Yung-Yao Lin

Title: Non-clinical Lecturer
BSc; PhD
Lecturer

My research focuses on the molecular and cellular mechanisms underlying muscular dystrophies. Briefly, muscular dystrophies are a group of inherited neuromuscular disorders characterised by progressive muscle degeneration, which may be associated neurological and cardiac defects. Currently there is no effective treatment. We are interested in developing cellular models for muscular dystrophies using the reprogramming and genome editing technologies to generate patient-specific induced pluripotent stem cell (iPSC) and isogenic control cells. Cellular models derived from isogenic pairs of iPSC provide an invaluable resource for studying disease pathogenesis and facilitating chemical and genetic screens.

Bio

Dr Yung-Yao Lin grew up in Taiwan and obtained his BSc degree from National Taiwan University.

He conducted his PhD study in Prof Michael Ashburner’s laboratory (Department of Genetics, University of Cambridge), where he used fruit flies as the model organism to investigate molecular mechanisms governing planar cell polarity. During his postdoctoral training, he developed zebrafish models of muscular dystrophy in Dr Derek Stemple’s laboratory (Wellcome Trust Sanger Institute).

In collaboration with Prof Francesco Muntoni (UCL Institute of Child Health) and Prof Hans van Bokhoven (Radboud University Nijmegen Medical Centre), Dr Lin made significant contributions in the field of neuromuscular disorders, particularly towards the demonstration of novel genes responsible for muscular dystrophies using zebrafish models. In 2012, Dr Lin was awarded an Early Career Research fellowship from Barts and The London School of Medicine and Dentistry to set up his independent research group. He joined the Blizard Institute as a Lecturer in January 2013.

Research

Muscular dystrophies constitute a clinically and genetically heterogeneous group of hereditary neuromuscular disorders, characterized by progressive muscle weakness and wasting, which may be associated with central nervous system (CNS) and cardiac involvement. Currently there is no effective treatment. Different types of muscular dystrophy vary in the age of onset, severity and characteristic clinical features. Interestingly, a number of clinically similar conditions are mapped to distinct genomic loci. Conversely, allelic mutations in the same gene may give rise to a broad phenotypic spectrum, in which the severe and mild ends are clinically classified as different forms of muscular dystrophy.

 To date identified causative gene mutations for muscular dystrophies affect a functionally diverse set of proteins. One major focus is dystrophin and its associated proteins, termed the dystrophin-associated glycoprotein complex (DGC), which provides a mechanical linkage between subsarcolemmal proteins and basement membrane components. A central component of DGC is dystroglycan, which contains peripheral alpha and transmembrane beta subunits. Recent studies suggest that functional glycosylation of alpha-dystroglycan is critical for maintaining muscle integrity.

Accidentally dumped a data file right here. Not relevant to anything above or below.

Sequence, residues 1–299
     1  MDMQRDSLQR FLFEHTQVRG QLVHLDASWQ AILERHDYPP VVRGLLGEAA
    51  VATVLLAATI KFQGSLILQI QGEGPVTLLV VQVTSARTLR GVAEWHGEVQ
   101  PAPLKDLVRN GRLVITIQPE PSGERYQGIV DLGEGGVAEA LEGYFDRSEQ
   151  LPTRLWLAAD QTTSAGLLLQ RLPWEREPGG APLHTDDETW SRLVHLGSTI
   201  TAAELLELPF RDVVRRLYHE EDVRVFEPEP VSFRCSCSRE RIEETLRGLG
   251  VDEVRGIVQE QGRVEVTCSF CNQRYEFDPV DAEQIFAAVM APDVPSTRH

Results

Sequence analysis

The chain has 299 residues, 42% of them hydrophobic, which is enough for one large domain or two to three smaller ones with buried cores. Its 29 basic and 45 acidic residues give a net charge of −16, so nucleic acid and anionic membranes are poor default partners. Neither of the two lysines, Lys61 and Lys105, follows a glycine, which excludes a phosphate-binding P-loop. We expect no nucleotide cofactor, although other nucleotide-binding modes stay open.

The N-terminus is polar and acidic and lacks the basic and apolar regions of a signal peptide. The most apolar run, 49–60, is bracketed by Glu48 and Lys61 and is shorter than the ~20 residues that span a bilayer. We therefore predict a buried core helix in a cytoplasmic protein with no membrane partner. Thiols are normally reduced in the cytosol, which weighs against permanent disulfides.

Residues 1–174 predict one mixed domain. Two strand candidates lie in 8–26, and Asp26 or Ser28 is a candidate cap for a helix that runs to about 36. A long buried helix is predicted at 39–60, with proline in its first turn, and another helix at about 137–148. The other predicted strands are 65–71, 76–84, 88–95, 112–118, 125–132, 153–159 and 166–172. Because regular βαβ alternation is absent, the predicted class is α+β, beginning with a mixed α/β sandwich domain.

Current research projects in the Lin lab include:

  1. Molecular mechanisms underlying allelic variants of muscular dystrophies
  2. Disease modeling using model organisms or isogenic pairs of control and patient-specific iPSC
  3. High-content chemical and genetic screens using isogenic control and patient-specific iPSC
  4. Development of novel therapeutic approaches

 Our major collaborators are Prof Francesco Muntoni (UCL Institute of Child Health), Dr Pentao Liu (Wellcome Trust Sanger Institute), Prof Paul Chapple (William Harvey Research Institute), Prof Silvia Marino (Blizard Institute), Dr Sue Brown (Royal Veterinary College) and Dr Derek Stemple (Wellcome Trust Sanger Institute).

Group Members

Current members

Dr Jihee Kim (PDRA)

Ms Amaia Paredes Redondo (PhD student)

 

Former members

Dr Beatrice Lana (PDRA)

Ms Kous Shah (Undergraduate student)

Mr Evangelos Konstantinidis (MSc student)

 

 

 

Publications

  1. Roscioli, T., Kamsteeg, E.J., Buysse, K., Maystadt, I., van Reeuwijk, J., van den Elzen, C., van Beusekom, E., Riemersma, M., Pfundt, R., Vissers, L.E., Schraders, M., Altunoglu, U., Buckley, M.F., Brunner, H.G., Grisart, B., Zhou, H., Veltman, J.A., Gilissen, C., Mancini, G.M., Delree, P., Willemsen, M.A., Ramadza, D.P., Chitayat, D., Bennett, C., Sheridan, E., Peeters, E.A., Tan-Sindhunata, G.M., de Die-Smulders, C.E., Devriendt, K., Kayserili, H., El-Hashash, O.A., Stemple, D.L., Lefeber, D.J., Lin, Y.Y.*, van Bokhoven, H.*, 2012. Mutations in ISPD cause Walker-Warburg syndrome and defective glycosylation of alpha-dystroglycan. Nature Genetics 44, 581-585. (*Joint senior corresponding author)

  2. Lin, Y.Y., White, R.J., Torelli, S., Cirak, S., Muntoni, F., Stemple, D.L., 2011. Zebrafish Fukutin family proteins link the unfolded protein response with dystroglycanopathies. Human Molecular Genetics 20, 1763-1775.

  3. Lin, Y.Y., 2012. Muscle diseases in the zebrafish. Neuromuscular Disorders : NMD 22, 673-684. (Invited review)


View all Yung-Yao Lin's Research Publications at: http://www.researchpublications.qmul.ac.uk

Teaching

MSc Regenerative Medicine

Problem Based Learning


Further information

Funding bodies:

  1. Barts and the London School of Medicine and Dentistry
  2. Royal Society
  3. Newlife Foundation for Disabled Children

Contact

Centre for Genomics and Child Health

Blizard Institute

Barts and The London School of Medicine and Dentistry

Blizard Building

4 Newark Street

London E1 2AT

 

Tel: +44 (0) 207 882 2339
This email address is being protected from spambots. You need JavaScript enabled to view it.